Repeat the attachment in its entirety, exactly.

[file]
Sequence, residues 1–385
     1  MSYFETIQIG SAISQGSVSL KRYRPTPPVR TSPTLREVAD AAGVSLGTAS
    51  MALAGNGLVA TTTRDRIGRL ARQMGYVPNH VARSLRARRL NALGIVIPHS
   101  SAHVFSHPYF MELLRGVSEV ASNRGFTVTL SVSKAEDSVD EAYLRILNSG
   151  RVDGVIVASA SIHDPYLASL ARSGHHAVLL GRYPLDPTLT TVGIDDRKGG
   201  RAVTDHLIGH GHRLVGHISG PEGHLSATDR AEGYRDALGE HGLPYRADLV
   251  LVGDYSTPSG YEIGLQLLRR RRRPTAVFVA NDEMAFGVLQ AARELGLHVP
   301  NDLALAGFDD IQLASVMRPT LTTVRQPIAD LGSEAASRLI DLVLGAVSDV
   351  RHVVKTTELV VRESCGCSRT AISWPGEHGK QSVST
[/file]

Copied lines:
Sequence, residues 1–385
     1  MSYFETIQIG SAISQGSVSL KRYRPTPPVR TSPTLREVAD AAGVSLGTAS
    51  MALAGNGLVA TTTRDRIGRL ARQMGYVPNH VARSLRARRL NALGIVIPHS
   101  SAHVFSHPYF MELLRGVSEV ASNRGFTVTL SVSKAEDSVD EAYLRILNSG
   151  RVDGVIVASA SIHDPYLASL ARSGHHAVLL GRYPLDPTLT TVGIDDRKGG
   201  RAVTDHLIGH GHRLVGHISG PEGHLSATDR AEGYRDALGE HGLPYRADLV
   251  LVGDYSTPSG YEIGLQLLRR RRRPTAVFVA NDEMAFGVLQ AARELGLHVP
   301  NDLALAGFDD IQLASVMRPT LTTVRQPIAD LGSEAASRLI DLVLGAVSDV
   351  RHVVKTTELV VRESCGCSRT AISWPGEHGK QSVST